SLOANE: For me, I don't care so much where it reports. What is more important is what authority and what control that person has to in order be able to affect the role and the changes that I think need to be made. Reporting isn't the issue. It is what ability, what tools do they have, what access to the White House they are going to have in order to be able to perform the role affectively, and to me that's not an issue of so much where it reports.

CHABROW: Have you heard enough to feel comfortable with that position, having that kind of authority or not?

SLOANE: I would have to say I think it needs more definition. My guess is there are a lot of discussions going on. I've been fairly vocal in my communications to everybody I could get to listen with respect that they need to understand that the role is not just about protecting government networks. This role has to span government and commercial enterprise. In fact, it is even an international issue, because in order to affectively address some of these cybersecurity problems, we're not going to be able to do that independently. The U.S. will not be able to do that without the cooperation from other countries. A lot of these cyber criminals reside outside of the U.S. A lot of the foreign intelligence activities that are targeting U.S. networks are obviously outside of the U.S., and those kinds of issues don't get addressed without some fairly intense diplomatic and political activities.

CHABROW: As recently revised, the proposed U.S. Information and Communications Enhancement Act, or U.S. ICE - the bill to reform the federal information security management act, FISMA - would shift much of the authority for governing federal IT security among civilian agencies to the Department of Homeland Security from the Office of Management Budget. What is your view on granting Homeland Security more sway in determining federal cybersecurity policies and processes?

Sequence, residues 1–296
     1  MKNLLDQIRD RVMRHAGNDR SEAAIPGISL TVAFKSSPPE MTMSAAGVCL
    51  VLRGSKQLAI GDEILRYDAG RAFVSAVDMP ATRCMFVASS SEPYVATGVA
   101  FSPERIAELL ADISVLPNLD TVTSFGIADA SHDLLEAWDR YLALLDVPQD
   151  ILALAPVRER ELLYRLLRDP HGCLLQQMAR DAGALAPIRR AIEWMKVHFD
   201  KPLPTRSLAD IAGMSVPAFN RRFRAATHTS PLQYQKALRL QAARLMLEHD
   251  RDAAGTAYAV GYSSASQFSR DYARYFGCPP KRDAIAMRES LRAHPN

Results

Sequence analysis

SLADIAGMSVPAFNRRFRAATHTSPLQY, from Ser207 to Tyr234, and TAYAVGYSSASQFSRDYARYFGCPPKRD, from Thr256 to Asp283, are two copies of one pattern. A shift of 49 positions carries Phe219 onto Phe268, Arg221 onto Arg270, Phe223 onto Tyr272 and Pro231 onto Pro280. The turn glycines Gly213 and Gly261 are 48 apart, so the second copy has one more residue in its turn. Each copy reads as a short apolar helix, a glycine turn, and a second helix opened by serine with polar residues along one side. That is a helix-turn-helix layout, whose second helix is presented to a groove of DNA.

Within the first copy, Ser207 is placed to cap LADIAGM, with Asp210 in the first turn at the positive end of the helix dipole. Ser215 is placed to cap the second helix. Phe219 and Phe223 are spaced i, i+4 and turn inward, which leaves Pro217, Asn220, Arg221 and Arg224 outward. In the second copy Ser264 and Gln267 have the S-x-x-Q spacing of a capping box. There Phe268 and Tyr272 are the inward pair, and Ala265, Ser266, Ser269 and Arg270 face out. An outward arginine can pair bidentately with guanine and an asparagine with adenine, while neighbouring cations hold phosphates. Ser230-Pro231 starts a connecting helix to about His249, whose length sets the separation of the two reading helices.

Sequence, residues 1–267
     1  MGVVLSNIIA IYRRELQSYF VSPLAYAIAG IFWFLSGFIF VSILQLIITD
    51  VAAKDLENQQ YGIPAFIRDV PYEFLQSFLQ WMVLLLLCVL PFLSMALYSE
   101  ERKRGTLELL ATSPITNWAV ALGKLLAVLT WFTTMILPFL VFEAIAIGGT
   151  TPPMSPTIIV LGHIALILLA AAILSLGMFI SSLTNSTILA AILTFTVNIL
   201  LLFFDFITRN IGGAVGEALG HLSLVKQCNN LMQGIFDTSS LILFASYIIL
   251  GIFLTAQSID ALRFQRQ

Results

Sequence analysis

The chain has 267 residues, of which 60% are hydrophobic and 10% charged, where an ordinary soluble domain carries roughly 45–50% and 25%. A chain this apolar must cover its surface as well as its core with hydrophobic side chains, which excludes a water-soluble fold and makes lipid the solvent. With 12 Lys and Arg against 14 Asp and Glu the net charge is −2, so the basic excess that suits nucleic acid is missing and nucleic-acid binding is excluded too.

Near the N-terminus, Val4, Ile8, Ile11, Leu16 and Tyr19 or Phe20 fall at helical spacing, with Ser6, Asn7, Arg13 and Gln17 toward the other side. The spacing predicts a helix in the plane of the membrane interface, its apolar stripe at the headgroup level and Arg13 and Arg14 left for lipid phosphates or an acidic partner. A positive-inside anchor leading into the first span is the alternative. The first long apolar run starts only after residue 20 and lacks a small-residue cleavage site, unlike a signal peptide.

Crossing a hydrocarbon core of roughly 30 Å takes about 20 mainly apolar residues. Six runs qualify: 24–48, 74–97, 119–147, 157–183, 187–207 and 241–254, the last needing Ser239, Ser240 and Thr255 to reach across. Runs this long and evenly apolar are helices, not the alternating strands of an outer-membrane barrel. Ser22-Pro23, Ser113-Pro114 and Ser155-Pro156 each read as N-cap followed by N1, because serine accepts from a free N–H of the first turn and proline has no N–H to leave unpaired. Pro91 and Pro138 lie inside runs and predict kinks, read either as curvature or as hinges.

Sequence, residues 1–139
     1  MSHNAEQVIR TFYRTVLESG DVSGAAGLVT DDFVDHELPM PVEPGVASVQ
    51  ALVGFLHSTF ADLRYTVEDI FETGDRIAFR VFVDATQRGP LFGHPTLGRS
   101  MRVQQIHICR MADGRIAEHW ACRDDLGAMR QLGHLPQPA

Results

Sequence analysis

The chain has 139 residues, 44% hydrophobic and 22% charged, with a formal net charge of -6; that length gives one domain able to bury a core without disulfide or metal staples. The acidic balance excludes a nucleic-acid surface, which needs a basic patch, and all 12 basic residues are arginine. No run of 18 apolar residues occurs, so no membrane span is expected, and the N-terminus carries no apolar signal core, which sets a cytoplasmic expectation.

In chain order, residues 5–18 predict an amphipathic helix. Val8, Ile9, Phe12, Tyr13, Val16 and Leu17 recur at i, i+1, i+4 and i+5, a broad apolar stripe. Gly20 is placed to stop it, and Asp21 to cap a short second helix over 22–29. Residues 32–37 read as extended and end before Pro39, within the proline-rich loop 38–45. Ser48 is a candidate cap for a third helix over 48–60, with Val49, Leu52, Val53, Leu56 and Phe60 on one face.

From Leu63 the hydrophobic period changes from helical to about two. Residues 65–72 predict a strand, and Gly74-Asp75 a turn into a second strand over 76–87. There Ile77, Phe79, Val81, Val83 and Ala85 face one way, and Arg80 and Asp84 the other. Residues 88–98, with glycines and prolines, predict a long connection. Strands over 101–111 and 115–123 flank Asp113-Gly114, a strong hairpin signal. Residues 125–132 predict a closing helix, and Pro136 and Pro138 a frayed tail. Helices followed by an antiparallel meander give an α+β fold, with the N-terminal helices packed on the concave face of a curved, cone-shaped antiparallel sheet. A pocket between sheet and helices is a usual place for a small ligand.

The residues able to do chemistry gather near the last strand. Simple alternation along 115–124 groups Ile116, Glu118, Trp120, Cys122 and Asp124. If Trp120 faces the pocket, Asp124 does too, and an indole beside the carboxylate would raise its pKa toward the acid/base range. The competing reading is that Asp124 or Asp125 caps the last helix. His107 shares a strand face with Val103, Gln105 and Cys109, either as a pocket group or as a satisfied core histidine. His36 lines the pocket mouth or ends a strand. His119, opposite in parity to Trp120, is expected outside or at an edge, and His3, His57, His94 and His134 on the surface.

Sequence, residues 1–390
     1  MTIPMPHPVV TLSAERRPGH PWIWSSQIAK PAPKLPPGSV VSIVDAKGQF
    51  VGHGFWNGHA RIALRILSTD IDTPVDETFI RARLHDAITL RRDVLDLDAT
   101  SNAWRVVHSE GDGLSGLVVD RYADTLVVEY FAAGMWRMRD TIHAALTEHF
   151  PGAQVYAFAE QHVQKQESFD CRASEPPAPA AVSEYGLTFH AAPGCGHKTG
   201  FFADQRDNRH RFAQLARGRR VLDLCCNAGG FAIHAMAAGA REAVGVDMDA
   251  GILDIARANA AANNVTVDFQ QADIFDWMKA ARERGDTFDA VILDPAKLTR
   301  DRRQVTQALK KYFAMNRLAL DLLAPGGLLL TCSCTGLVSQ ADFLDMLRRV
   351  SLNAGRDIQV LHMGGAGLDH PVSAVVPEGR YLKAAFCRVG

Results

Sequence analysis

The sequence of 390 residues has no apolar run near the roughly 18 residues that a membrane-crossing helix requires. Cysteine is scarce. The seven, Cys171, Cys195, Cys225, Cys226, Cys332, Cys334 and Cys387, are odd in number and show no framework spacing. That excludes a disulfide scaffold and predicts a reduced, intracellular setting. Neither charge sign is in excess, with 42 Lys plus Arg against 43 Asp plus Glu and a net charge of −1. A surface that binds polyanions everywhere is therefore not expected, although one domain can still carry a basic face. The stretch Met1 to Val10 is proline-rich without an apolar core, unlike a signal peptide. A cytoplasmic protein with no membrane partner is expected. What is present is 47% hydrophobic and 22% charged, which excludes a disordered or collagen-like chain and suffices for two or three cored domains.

SLOANE: I'm fine, frankly, with wherever it reports. To me, what's more important is the scope of the job and the ability to control the resources in order to affect the changes. No matter what department or what agency it reports to, or who has responsibility, it's going to require a broad government effort and it's going to require collaboration with the private sector as well as international. No one agency has a kind of a band of control across that whole space, so it really ends up being a job of coordination and that could be done by Homeland Security or frankly anyone else.

CHABROW: Let's talk about the private sector. What role should the private sector play in helping formulate any government policy dealing with cybersecurity?

SLOANE: Most companies would prefer not to have the government be too involved in making their day-to-day business. The government certainly can incentivize private companies and, frankly, there is an inherent incentive to want to protect your intellectual property and your company network, so the government doesn't have to be very punitive in its approach to commercial industries. It's more about providing information and access to resources and assistance to help understand the nature of the problems and affective ways to deal with it. I don't think that requires a lot of legislation and kind of process rules. It can be done more in a collaborative fashion with industry associations, advisory groups, there's a variety of ways the government reaches out to industry today and those can be very effective.

CHABROW: You sound a bit concerned though that you feel that there are some quarters in government that might want to institute some kind of regulation. Is that a big concern?

SLOANE: That is always a concern. We try and have government serve the people not vice versa. I think all of the U.S. wants to make sure that government is as limited as it needs to be. That said, some of these things can only be addressed through the resources of federal government because of the breath of the problem, the nature of the problem, the technology of the problem; it's not something that any individual company can address. It requires a collaborative effort. The trick is how do you get the balance?

CHABROW: And do you know how to get the balance?